The Use of Low-Level Laser Therapy (LLLT) For Musculoskeletal Pain

The Use of Low-Level Laser Therapy (LLLT) For Musculoskeletal Pain

Howard B Cotler 1,2,*, Roberta T Chow 3, Michael R Hamblin 4,5,6, and James Carroll 7 


1 Gulf Coast Spine Care LTD, USA
2 Laser Health Spa LLC, USA
3 Brain and Spine Research Institute, University of Sydney, Australia
4 Wellman Center for Photo medicine, Massachusetts General Hospital, USA
5 Department of Dermatology, Harvard Medical School, USA
6 Division of Health Sciences and Technology, USA
7 Thor Photomedicine Ltd, UK
*Corresponding author: Howard B Cotler, Owner and Medical Director, Laser Health Spa LLC, 1200 Binz Street, Suite 970 Houston, Texas, USA 77004, Tel: 713-523-8884; Shamanhbc@yahoo.com

PCMID: PMC4743666
PMID: 26858986
DOI: 10.15406/mojor.2015.02.00068


Pain is the most common reason for physician consultation in the United States. One out of three Americans is affected by chronic pain annually. The number one reason for missed work or school days is musculoskeletal pain. Currently, accepted therapies consist of non-steroidal anti-inflammatory drugs, steroid injections, opiate pain medications, and surgery, each of which carries their own specific risk profiles. What is needed are effective treatments for pain that have an acceptably low risk-profile. For over forty years, low-level laser (light) therapy (LLLT) and LED (light-emitting diode) therapy (also known as photobiomodulation) has been shown to reduce inflammation and edema, induce analgesia, and promote healing in a range of musculoskeletal pathologies. The purpose of this paper is to review the use of LLLT for pain, the biochemical mechanisms of action, the dose-response curves, and how LLLT may be employed by orthopedic surgeons to improve outcomes and reduce adverse events.

With the predicted epidemic of chronic pain in developed countries, it is imperative to validate cost-effective and safe techniques for managing painful conditions which would allow people to live active and productive lives. Moreover, the acceptance of LLLT (which is currently being used by many specialties around the world) into the armamentarium of the American health care provider would allow for additional treatment options for patients. A new cost-effective therapy for pain could elevate the quality of life while reducing financial strains.

Keywords: Musculoskeletal, Pain, Low-level laser therapy, Photobiomodulation, Injury repair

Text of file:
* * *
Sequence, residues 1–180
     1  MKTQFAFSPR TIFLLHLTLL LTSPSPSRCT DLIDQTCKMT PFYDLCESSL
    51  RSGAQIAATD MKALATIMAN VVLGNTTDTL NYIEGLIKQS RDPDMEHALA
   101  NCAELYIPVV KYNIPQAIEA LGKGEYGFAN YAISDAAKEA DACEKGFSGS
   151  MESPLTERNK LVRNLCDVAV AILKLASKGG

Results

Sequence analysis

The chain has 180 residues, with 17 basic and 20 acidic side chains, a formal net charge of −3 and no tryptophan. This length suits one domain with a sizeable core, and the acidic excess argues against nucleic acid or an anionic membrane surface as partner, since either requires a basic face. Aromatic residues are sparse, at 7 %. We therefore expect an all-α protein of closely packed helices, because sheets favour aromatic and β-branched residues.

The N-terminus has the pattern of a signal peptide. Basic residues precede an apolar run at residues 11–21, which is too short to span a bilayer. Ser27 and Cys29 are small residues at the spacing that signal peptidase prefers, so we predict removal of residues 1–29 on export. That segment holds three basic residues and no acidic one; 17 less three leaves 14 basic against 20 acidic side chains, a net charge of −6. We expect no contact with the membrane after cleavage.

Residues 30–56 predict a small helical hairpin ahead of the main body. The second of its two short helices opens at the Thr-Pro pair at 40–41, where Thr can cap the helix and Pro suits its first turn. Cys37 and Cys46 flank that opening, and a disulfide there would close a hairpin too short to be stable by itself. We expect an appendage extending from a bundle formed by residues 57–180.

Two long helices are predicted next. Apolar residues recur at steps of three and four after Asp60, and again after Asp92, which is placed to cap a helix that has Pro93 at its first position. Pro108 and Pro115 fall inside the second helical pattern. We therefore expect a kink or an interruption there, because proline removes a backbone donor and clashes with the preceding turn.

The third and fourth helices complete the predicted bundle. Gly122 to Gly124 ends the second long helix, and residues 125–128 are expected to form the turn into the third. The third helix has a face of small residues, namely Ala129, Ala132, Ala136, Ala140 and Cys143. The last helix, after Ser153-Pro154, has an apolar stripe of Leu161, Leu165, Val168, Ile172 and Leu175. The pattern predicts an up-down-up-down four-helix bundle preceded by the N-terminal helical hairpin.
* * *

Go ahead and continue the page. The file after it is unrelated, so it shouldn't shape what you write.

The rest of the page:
Musculoskeletal pain affects 116 million Americans annually at a cost of $635 billion a year in medical bills, lost productivity, and missed work or school [1,2]. All therapeutic treatments have their benefits, but also possess different side effects, risks, and or complications. The current treatment for musculoskeletal pain includes modalities, immobilization, medications, chiropractic care, physical therapy, behavioral management, injections, and/or surgery. These standard therapies have their particular associated risks/side effect profiles including peptic ulcers/gastric bleeding [3], systemic effects (cardiovascular) [4], infections (including epidural abscess) [5], narcotic dependency/addiction [6], deformities, neurologic deficits, and surgical complications [7]. The natural history of chronic pain is one of increasing dysfunction, impairment, and possible disability.

The definition of pain by the “International Association for the Study of Pain” states: “Pain is an unpleasant sensory and emotional experience associated with actual or potential tissue damage, or described in terms of such damage [8]”. Withdrawal of the painful stimulus usually resolves pain promptly. Sometimes, however, pain persists in spite of the removal of the stimulus and even after healing of the body. Pain can also arise in the absence of any stimulus, disease or injury. Acute pain is considered to last less than thirty days, while chronic pain is of more than six months duration or as “pain that extends beyond the expected period of healing”. There are three different types of pain; nociceptive, neuropathic, and central. The current medical treatment of pain or analgesics is directed at various steps of the pain pathways (Figure 1). Clinically, low-level laser therapy (LLLT) can treat nociceptive [9] and neuropathic pain [10], while central pain has not yet been proven to be responsive to LLLT.

Low-Level Laser Therapy (LLLT) sometimes known as Low-Level Light Therapy or Photobiomodulation (PBM) is a low-intensity light therapy. The effect is photochemical, not thermal. The light triggers biochemical changes within cells and can be compared to the process of photosynthesis in plants, where the photons are absorbed by cellular photoreceptors and triggers chemical changes.


One has to be realistic about the therapeutic use of LLLT. The previous discussion has shown that LLLT is beneficial for pain relief and can accelerate the body’s ability to heal itself. LLLT has a long history and strong basic science evidence, which supports its use in pain management. It has few side effects and is well tolerated by the elderly. A laser or LED does not correct situations involving structural deficits or instabilities whether in bone or in soft tissue. Also, LLLT should only be used as adjuvant therapy for pain relief in patients with neuropathic pain and neurologic deficits. Successful outcomes, like all medical management, depend on good clinical skills linked with an understanding of the nature of the injury, inflammation, repair, pain, and the mechanism of laser and LED effects.


Michael R Hamblin was supported by US NIH grant R01AI050875.


LED – Light Emitting Diodes

LLLT – Low-Level Laser Therapy

PBM – Photobiomodulation

NO – Nitric Oxide

ATP – Adenosine Triphosphate

ROS – Reactive Oxygen Species

MMP – Membrane Potential